Fred describes him as 'a splendid artiste, but also a wastrel and a spendthrift
who incessantly spent himself. But a spendthirft, it must be understood, is
essentially a giver.'
Typically, Fred and Granstaff
became friends. Despite the disappearance of Mrs. Potter, the show opened, and
was immediately closed by the theatre owner on the grounds that a company which
would pay more wanted the stage.
A few years later night-club
owner and Jazz singer Bricktop Smith told Fred that Earl had died of TB in a
Swiss sanatorium. Bricktop 'took death for granted and made no song and dance
about it. . .Earl had been her brother in the finest sense, he had spent
himself to the joy of all.' Fred's comment was this: 'Mourning, it flashed
through my mind, was the prerogative of the incomplete, the materialists, the
bourgeois at heart; for mourning implies a sense of loss that is inconceivable
to the children of God.'
By the beginning of the
Seventies, Fred and Anne had left Crete for Cyprus. He wrote from there in 1973
with the news that he had been granted a five-year pension by the Royal
Literary Fund, commenting that 'By the end of five years I'm supposed to be
either dead or financially solvent. But suppose I'm neither? However, we don't
consider the future.'
They both sensed storm-clouds
building up, nevertheless, and Fred remarked that 'we are tiring of the Eastern
Mediterranean and Levantines. But where can we go?' He even became nostalgic
about 'the benign Marmite days in Westbourne Terrace.'
The question was answered for
them. The Turks invaded Northern Cyprus, capturing among other things Fred's
cottage, stealing his typewriter and scattering his papers among the rocks. He
had never looked upon the Turks as civilised and now regarded them as
He wrote in May 1975:
'Our house was stripped of all
our belongings/including the furniture, as was to be expected; it's now
occupied by a number of Turkish refugees who got in 'by mistake', so we were
told by the police, as the house was clearly marked 'British property', with a
Union Jack pasted to the door, for good measure. But what's a Union Jack these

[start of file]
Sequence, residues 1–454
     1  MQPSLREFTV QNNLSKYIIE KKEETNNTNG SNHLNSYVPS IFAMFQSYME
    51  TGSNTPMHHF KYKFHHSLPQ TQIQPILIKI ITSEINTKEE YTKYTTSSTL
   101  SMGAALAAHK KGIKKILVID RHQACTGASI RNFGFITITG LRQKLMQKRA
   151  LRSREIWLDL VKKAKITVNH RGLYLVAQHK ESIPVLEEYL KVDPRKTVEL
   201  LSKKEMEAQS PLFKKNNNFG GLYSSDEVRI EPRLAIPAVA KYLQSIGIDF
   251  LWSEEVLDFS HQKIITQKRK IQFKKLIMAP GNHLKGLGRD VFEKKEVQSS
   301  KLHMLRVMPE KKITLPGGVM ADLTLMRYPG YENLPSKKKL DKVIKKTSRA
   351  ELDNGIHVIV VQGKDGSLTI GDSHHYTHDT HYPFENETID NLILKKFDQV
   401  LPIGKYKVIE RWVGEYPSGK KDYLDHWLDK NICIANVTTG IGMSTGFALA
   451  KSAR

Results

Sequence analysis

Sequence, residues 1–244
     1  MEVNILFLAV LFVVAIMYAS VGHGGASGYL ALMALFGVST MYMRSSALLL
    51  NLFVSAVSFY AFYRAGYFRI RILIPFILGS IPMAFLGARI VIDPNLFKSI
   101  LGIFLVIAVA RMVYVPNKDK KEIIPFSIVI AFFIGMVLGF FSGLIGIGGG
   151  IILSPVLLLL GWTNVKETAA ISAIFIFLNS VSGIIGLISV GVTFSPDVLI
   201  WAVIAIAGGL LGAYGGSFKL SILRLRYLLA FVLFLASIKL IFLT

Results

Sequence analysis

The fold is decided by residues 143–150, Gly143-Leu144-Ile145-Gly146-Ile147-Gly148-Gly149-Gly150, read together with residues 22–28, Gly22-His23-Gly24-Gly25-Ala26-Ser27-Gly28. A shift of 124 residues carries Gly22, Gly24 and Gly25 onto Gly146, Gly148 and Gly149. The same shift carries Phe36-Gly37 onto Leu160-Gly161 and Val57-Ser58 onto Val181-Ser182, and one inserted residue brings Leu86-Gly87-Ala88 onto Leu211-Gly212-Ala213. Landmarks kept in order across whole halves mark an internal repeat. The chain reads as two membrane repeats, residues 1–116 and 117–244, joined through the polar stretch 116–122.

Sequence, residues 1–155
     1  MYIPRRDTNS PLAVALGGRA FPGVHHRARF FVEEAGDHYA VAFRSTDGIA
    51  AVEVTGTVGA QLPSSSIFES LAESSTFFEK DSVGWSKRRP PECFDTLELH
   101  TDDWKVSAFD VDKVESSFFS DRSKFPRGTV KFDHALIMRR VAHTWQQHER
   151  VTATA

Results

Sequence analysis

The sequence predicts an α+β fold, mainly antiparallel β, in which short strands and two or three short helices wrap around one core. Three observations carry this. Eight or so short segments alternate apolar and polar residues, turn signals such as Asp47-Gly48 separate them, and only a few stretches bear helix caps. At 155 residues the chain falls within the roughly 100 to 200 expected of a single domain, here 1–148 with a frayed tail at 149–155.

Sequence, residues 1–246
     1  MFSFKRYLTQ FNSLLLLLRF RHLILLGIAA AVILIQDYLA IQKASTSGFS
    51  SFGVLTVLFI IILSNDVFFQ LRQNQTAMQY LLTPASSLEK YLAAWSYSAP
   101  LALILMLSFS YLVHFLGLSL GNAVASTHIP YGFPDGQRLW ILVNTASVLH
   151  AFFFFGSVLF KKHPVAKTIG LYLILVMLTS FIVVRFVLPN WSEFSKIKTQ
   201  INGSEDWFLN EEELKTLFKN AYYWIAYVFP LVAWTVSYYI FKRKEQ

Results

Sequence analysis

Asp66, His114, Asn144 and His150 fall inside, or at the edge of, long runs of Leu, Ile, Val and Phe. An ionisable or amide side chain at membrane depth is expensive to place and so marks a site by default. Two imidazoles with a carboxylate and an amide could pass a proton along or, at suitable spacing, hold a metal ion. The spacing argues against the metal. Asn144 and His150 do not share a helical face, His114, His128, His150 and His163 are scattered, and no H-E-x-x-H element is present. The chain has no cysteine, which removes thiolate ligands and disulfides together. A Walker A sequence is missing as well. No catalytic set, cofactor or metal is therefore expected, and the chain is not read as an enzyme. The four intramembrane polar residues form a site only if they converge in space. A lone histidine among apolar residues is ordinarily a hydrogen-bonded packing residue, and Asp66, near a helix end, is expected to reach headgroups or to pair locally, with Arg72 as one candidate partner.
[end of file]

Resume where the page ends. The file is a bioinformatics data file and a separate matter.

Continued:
days? We could have got them evicted but didn't have the heart to do so. At any
rate, we're now in a pleasant villa up in the hills in Bellapais. . .And by a
stroke of luck I recovered nearly all my books, which were salvaged by the U.K.
Citizens' Association before the looting started in earnest. The books only,
not my papers, unfinished manuscripts etc. Have already replaced my excellent
Olympia with this crummy Olivetti portable, made in Spain, that emits tinny
sounds when I hit the keyboard. Just in case I'm tempted to take up writing
He described the political
manoeuvrings in Cyprus and adds:
'It's all politics and I've no
use for politics, and even less for politicians. No doubt I'm a political
imbecile, which has the advantage of preserving me from being brainwashed. My
own brand of 'pan-Hellenism', which has nothing to do with politics, goes all
the way back to my schooldays when my youthful imagination was stirred by he
magnificent deeds of Herakles. Naturally, it didn't occur to me then that
Herakles was just another big bully, much akin to the later Homeric heroes. To
my present-day thinking, all these glorious warlords and illustrious chieftains
and heroes were just a bunch of colourful hooligans and robbers, out for loot,
plunder and arson, and nothing else. There isn't a single character in the
whole Iliad with whom I'd drink a glass of cheap Cyprus brandy, and I'm
including in the lot their gods and goddesses as well. The great Greeks whom I
admire came much later, their spirit is alive today as it was a couple of
thousand years ago. That's why I think the world owes something to Greece. It
owes nothing to Turkey. '
Typically, when we next saw them
Fred and Anne were nestling in a habitation that neither the I Ching nor the
Oracle at Delphi could have forecast: an exquisitely manicured thatched cottage
no more than a few hundred yards from the naked Giant at Cerne Abbas in Dorset,
where Fred, once more the English gentleman, spent his evenings playing chess
not with Anthony Quinn but with the local Vicar.
The place had been lent to them
by a wealthy Levantine, and was tastefully stuffed with priceless rugs and rare
antiquities, some kept in locked glass cases, other poised singly in alcoves
from which visitors were well advised to steer clear. Anne maintained the place
as trimly as a museum, treating the precious objects with the respect they
deserved without for a moment allowing them to gain the upper hand.
Their stay lasted only a few
months and by an irony not unusual in Fred's picaresque existence, he ended his
days among the modest magnificence of the City of Wells, which they had left so
long ago. They occupied a neat detached villa in a modern estate in a
He was ninety years old when a
Miller revival began in Paris. Reporters and television crews from France
disrupted life in Spring Rise, demanding interviews, posed photographs,
reminiscences, and articles for the Press. Fred obliged with sang froid,
elegance, elan and other non-Anglo-Saxon attitudes, reverting to idiomatic
French spiced with argot deployed with impeccable grammar.
We called on them soon after this
invasion, and Fred showed us the cuttings with modest pride. Anne obviously
thought that the fame should be his own, not a mere reflection of Henry
Miller's. Our call was unexpected, and when I walked round to the back of the